Thiruvananthapuram: An Indian scientist, Saritha Krishna, leading a team of researchers from the University of California’s San Francisco Medical Centre, has made a groundbreaking discovery in the treatment of cancerous brain tumours. The study reveals that cancer cells in the brain establish connections with healthy brain cells, leading to rapid cognitive decline and ultimately causing the death of patients.
In their research, the team found that a commonly used anti-seizure drug effectively reduces the hyperactivity of tumour cells and halts their growth. This significant finding holds great potential for transforming the treatment of glioblastoma, the most fatal form of adult brain cancer.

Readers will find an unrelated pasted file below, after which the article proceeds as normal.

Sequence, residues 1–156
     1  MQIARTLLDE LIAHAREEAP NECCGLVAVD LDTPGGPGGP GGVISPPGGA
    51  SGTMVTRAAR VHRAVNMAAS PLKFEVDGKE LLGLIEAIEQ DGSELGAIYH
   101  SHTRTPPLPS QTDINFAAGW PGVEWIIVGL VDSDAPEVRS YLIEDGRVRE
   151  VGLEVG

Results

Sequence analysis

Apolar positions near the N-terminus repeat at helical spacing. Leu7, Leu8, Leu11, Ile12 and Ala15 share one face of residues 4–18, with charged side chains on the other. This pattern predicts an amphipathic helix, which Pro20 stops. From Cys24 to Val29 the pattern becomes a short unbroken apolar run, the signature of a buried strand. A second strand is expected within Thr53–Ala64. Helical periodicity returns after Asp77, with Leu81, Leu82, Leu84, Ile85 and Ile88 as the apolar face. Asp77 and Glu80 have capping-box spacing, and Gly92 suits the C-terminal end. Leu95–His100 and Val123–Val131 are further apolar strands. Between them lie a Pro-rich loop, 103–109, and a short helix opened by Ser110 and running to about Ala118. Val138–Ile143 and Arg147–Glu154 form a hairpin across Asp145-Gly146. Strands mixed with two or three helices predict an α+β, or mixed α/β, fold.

Saritha Krishna, a native of Thiruvananthapuram, Kerala, and the lead author of the study highlighted the importance of their findings. The study not only uncovers the intricate communication between healthy and cancerous brain cells but also identifies the potential of repurposing existing medications like gabapentin to target tumour growth and expedite therapeutic advancements for patients with malignant glioma.
Moreover, the discovery of how cancer cells hijack and restructure brain circuitry offers prospects for developing innovative drugs and neuromodulation techniques. These interventions could effectively disconnect neuronal linkups with brain cancer cells, leading to the suppression of tumour growth. The study’s findings may pave the way for clinical trials and the exploration of non-invasive brain modulation techniques traditionally used in epilepsy and psychiatric diseases.